New Westminster strip club owner 'blindsided' by petition to close his club

Employees and supporters of the Paramoun make their own point accross 6th Avenue from a protest against the gentleman
Employees and supporters of the Paramoun make their own point accross 6th Avenue from a protest against the gentleman's club organized by students of Charles Best secondary school in Coquitlam.

The owner of the Paramount Gentlemen’s Club in New Westminster says he was “blindsided” by a petition initiated by Coquitlam high school students to have his establishment closed down.

Steven Mountford is upset Social Justice 12 classes at Dr. Charles Best secondary did not contact him to get the other side of the story. During the women’s studies portion of the course, teacher Ken Ipe said the 60 students studied “the negative effects of stripping, prostitution and pornography.” As part of their final project the students chose a course of action they hope will result in New Westminster council closing the strip club down, but city officials say that’s not possible.

The students gathered Saturday afternoon on the southwest corner of Sixth Avenue and Sixth Street to collect signatures for a petition. The first Mountford heard about the petition was when the media came calling Thursday.

“I believe in everyone’s freedom of speech and right to protest, first and foremost. But to date no one from the school has contacted me to open a dialogue,” said Mountford. “I find it kind of appalling if you’re in an education system and you don’t [present the other side]. It doesn’t make sense to me.”

The Paramount has 15 to 30 dancers working the main stage, VIP rooms and private rooms. Mountford said he has owned the establishment, which does not serve liquor, for 10 years and it has been open for nearly 20.

“We serve juice, we’re one block from the police station. In 10 years we’ve never had a problem here,” said Mountford. “I’m a little disturbed someone’s coming from Coquitlam to bother an establishment that has been here for 20 years.”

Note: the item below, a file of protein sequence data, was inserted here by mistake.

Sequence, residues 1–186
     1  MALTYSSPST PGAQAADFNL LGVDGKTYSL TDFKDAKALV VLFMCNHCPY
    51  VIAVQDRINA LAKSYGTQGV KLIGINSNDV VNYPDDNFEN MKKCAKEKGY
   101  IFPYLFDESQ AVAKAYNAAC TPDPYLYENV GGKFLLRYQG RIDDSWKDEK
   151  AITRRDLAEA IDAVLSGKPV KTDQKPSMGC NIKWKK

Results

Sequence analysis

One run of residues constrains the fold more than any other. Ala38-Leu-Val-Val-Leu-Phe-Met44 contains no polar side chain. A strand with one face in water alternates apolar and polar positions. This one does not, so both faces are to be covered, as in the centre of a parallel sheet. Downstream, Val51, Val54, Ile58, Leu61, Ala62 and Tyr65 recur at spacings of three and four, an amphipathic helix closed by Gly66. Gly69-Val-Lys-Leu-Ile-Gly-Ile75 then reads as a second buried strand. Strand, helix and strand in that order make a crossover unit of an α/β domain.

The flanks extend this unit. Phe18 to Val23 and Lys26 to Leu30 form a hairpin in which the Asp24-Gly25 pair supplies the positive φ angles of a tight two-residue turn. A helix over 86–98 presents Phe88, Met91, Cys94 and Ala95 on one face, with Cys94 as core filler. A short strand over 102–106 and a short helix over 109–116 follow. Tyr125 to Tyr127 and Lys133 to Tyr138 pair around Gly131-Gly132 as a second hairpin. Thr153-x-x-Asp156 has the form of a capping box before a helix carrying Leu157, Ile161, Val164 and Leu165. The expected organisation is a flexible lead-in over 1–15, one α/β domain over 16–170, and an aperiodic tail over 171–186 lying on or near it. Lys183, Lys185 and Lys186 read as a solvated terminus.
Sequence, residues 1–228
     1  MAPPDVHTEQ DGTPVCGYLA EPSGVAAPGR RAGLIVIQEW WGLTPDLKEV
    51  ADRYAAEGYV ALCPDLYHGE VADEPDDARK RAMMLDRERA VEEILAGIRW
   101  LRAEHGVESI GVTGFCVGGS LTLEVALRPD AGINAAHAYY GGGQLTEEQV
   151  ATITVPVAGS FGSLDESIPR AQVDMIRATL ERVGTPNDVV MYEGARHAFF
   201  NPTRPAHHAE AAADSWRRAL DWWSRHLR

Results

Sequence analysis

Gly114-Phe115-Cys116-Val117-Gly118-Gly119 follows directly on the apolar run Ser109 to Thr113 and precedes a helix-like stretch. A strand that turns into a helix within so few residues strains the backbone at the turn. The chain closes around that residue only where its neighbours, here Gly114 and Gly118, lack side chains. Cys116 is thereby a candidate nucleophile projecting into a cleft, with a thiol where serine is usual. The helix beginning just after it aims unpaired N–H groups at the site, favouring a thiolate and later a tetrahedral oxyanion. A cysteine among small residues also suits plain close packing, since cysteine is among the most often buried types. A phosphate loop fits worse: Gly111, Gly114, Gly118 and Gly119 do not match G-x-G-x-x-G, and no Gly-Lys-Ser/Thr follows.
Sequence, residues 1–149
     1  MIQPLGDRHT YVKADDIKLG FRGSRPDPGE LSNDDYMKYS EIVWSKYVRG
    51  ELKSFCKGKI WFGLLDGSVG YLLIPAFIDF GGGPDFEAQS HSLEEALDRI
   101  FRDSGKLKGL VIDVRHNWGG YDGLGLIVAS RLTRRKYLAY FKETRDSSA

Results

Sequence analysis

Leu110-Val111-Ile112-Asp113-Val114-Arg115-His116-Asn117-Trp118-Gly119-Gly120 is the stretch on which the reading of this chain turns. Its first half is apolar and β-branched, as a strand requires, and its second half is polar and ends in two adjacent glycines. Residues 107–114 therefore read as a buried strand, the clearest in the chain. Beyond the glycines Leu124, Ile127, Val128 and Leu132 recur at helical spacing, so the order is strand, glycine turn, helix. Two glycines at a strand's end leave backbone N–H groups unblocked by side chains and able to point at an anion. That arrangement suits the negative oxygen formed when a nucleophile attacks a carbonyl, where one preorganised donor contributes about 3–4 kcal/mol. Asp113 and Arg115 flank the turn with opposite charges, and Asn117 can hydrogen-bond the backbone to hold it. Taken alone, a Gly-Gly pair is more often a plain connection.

Mountford said the students are going after regular people who have mortgages, car payments and child care costs to meet, and they’re all concerned for their jobs.

“I don’t know what the agenda the school teacher has,” said Mountford. “That’s an injustice to teach children not to explore options and talk to people.

“If you don’t like the laws, change the laws. Don’t send the watchdogs on a company that is a legitimate business. We pay taxes, we employ people … We’re not bad people here. I don’t understand why we’ve been singled out as some gateway to hell. I’m not even mad, I’m hurt. It doesn’t seem fair.”

In a small dialogue on the street Saturday in front of television cameras, student Adam MacDonald told a group of Paramount employees and supporters with picket signs of their own, “We’re not targeting your guys’s jobs. That’s not what we’re here to do.”

“You are, you’re trying to shut down our club,” said the club’s manager Taylor, who is married to Mountford, before saying with some incredulity, “And you’re going to offer us career counselling.”

Supporter Liz Green told CTV News, “The women are doing a legitimate job. They’re getting paid for it. Do they want the women out on the streets again, whatever, looking for work?”

Coquitlam Coun. Selina Robinson and New Westminster Coun. Lorrie Williams showed up to support the students.

“It’s good for young people to demonstrate, take peaceful action, and it’s encouraging for them to know what the process is. They also have to know the restrictions and how things move,” said Williams, who did not sign the petition. “It was an exercise in democracy and I liked the freedom of expression that they had, and I thought the research they had done was commendable.”

While as a woman she would prefer that the Paramount did not exist, Williams said there’s not much the city can do about it because it’s a legitimate business. At one time, she noted, there was offensive wording on the marquee but it was taken down quickly.

City bylaw enforcement director Keith Coueffin said the city can only consider revoking or suspending a business licence if there’s reasonable cause, such as if the business was not complying with regulations or because of nuisances or disturbances.

“The city is not aware of any violations of any regulations or policing concerns or community disturbances,” said Coueffin. “It is a legal business which is complying with all regulations.”

He added municipalities don’t have the authority to regulate a business based on morality.

However about 10 years ago, council changed all commercial area zonings to prohibit adult entertainment. Since the Paramount is an existing business that has been around for about 20 years, the restriction can’t be imposed retroactively.

“The adult entertainment use is considered to be a legal non-conforming use,” said Coueffin.

New Westminster Coun. Bill Harper said if the Paramount’s business licence was pulled, the city might find itself in court.

“Once you grant a business licence, the rationale for pulling it is more difficult,” said Harper.

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